Meandering on bad inventions |

Meandering on bad inventions

Keely Brown

After putting out my kitchen fire today I started thinking about bad inventions.Not that I can call my kitchen burner ring a bad invention. It’s just broken. There’s a difference. But it still falls under the category of Things That Don’t Work, which brings to mind, and is often a subcategory of another category, Bad Inventions.A few months ago one of our major creditors gifted us with their latest innovation: A small, boomerang-shaped credit card fastened in a small leather holder. The card swings out at the touch of your thumb, just like a switchblade.

There’s always the same scenario whenever we present this card to retailers. First of all they exclaim at how “cute” it is. A moment later, these exclamations turn to curses as they try to get the damned thing to swipe in any size standard credit card machine. It may be cute, but it’s unswipeable.Apparently our boomerang card is a harbinger of more evil to come. One store clerk told us, with a hollow laugh, of newer, miniscule-sized credit cards that don’t fit into any type of machine known to mankind. Since the whole purpose of a credit card is to be used, I’m not sure why these things are hitting the market. I can only attribute this phenomenon to the proliferation of Bad Inventions that are cluttering up our culture.If you Google the words “new inventions,” the results can be disturbing. My favorite this week is the rotating toilet paper holder, ideal for families who can’t decide if they like to pull their roll from under or over. Just give it a turn and – voila! Toilet paper satisfaction.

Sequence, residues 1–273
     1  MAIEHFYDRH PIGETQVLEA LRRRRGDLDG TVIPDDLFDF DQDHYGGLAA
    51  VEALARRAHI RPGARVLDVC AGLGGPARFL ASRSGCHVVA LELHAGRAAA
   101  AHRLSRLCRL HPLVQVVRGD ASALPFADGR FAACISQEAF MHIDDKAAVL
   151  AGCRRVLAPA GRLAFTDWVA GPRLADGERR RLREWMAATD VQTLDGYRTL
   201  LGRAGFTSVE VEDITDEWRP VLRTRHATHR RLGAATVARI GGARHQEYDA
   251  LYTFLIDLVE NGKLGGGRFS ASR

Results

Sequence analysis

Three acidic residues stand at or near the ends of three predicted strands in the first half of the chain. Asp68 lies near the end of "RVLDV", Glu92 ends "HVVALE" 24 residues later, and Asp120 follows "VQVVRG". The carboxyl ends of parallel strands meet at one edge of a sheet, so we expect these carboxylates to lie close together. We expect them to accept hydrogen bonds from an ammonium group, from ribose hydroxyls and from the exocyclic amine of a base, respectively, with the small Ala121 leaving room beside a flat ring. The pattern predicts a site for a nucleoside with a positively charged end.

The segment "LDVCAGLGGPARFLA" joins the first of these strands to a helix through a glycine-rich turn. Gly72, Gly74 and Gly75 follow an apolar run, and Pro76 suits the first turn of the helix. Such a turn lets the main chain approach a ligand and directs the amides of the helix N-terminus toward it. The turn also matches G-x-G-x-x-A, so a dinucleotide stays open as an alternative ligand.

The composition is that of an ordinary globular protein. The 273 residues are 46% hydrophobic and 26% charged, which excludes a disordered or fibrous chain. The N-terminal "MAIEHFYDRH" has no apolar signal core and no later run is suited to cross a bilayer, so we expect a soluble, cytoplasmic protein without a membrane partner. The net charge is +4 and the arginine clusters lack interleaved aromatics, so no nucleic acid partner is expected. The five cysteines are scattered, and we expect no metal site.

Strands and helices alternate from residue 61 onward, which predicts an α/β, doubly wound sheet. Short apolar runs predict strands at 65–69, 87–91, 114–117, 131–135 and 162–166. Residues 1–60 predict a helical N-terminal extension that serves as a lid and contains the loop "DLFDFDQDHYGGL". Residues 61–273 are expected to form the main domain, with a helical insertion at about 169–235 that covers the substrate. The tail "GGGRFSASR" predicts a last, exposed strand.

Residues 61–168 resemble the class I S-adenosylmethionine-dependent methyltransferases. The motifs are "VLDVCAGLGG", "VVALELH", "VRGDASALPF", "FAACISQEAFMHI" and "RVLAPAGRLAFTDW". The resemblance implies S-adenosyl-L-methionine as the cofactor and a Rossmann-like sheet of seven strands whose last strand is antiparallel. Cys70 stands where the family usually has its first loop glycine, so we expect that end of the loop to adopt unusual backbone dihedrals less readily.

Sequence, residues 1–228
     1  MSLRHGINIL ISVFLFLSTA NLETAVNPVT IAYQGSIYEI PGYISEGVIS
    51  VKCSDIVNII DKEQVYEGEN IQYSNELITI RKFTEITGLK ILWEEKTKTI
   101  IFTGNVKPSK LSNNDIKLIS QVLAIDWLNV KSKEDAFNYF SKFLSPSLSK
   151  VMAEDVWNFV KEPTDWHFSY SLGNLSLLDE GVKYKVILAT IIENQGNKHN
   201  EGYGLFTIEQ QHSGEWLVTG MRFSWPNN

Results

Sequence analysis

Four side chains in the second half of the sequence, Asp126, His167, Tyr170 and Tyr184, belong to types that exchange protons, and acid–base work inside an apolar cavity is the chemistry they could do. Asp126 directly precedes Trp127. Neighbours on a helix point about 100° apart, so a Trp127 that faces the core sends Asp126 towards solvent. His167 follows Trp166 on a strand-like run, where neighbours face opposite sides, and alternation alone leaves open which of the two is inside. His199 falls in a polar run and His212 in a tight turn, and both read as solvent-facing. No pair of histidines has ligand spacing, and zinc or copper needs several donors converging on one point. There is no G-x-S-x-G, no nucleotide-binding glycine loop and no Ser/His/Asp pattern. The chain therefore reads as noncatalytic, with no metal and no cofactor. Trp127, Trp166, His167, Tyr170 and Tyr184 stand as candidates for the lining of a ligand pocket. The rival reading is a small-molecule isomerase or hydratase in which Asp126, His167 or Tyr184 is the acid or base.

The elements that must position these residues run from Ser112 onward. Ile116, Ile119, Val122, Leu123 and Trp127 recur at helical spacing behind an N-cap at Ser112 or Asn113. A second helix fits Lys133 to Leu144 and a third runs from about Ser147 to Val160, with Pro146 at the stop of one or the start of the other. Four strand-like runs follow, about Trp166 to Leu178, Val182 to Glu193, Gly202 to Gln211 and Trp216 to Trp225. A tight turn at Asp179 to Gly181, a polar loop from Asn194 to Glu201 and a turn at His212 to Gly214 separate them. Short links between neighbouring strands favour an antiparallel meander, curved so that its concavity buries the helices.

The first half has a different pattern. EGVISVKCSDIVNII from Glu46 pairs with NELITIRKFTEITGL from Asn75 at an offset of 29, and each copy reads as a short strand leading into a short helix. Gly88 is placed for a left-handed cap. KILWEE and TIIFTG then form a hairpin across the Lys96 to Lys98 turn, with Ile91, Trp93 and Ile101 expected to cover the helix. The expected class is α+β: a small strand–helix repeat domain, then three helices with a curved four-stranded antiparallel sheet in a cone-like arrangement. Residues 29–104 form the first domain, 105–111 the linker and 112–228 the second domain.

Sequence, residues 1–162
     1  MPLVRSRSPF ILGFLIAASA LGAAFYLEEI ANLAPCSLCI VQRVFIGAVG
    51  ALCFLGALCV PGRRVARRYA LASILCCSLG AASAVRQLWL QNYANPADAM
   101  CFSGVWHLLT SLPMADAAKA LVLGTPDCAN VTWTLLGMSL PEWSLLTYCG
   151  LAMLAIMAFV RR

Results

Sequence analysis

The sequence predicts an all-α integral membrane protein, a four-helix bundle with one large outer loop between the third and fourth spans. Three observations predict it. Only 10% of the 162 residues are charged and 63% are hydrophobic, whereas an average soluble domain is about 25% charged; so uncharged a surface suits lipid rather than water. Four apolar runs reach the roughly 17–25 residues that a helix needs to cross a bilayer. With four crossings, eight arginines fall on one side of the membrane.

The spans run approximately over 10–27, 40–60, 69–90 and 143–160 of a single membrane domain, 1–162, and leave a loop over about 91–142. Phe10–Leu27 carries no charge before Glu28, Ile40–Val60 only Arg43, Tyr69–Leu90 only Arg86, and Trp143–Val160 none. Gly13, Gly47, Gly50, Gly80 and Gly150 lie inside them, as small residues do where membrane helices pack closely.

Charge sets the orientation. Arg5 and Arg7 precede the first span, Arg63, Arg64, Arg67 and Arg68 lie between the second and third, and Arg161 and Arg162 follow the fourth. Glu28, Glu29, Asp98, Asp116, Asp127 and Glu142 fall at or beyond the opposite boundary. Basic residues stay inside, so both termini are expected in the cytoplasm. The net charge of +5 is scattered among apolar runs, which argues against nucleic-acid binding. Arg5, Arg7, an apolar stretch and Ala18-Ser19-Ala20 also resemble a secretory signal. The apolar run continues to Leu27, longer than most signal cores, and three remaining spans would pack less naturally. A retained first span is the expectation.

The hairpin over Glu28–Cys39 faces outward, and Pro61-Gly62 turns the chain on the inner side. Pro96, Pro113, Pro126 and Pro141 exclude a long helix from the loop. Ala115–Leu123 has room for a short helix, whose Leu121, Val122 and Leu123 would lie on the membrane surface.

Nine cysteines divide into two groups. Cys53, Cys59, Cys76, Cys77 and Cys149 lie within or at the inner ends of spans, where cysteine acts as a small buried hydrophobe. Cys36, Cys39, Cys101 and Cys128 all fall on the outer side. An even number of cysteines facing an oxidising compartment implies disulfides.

Which leads to the question: When did we get so spoiled?What I find disturbing is that, instead of developing things like a cure for cancer or a new biotech fuel run on soybeans, the world’s top-flight researchers are instead creating things like mini-credit cards and turning toilet paper holders.I blame it all on what I call the sea monkey mentality.

When we were kids, we were told by the ads in the backs of our comic books that we could have a roomful of new best friends by just adding water (after, of course, sending a dollar to the above address). We envisioned being able to talk to our sea monkeys, and taking them out for walks. (By the way, the official sea monkey website calls them, and I quote, “dream pets.” These people obviously never had a Labrador retriever).When we got a bit older and wiser, we were taken in by more sophisticated wares, such as X-Ray Specs, which claimed “You can see the bones of your hand!” What this really meant to a generation of adolescent boys was, “You can see your next-door neighbor undressing!” – neither of which statement was true.The direct ancestor of this type of advertising, the infomercial, has continued the great American retail tradition of ripping off the public. The same kids who sent in a buck for the 1,000 military insignia patches that never arrived grew up to spend 50 bucks on the magic blender that burnt out after two weeks, or the hair straightener that leaves you looking like a cueball.Hope does indeed spring eternal, which is another way of saying that human beings will always be gullible. A certain portion of the population will always believe that if you can draw “Doodles the Deer” and send a copy of it into a certain art institute, you’ll end up seeing your paintings in the Louvre one day.

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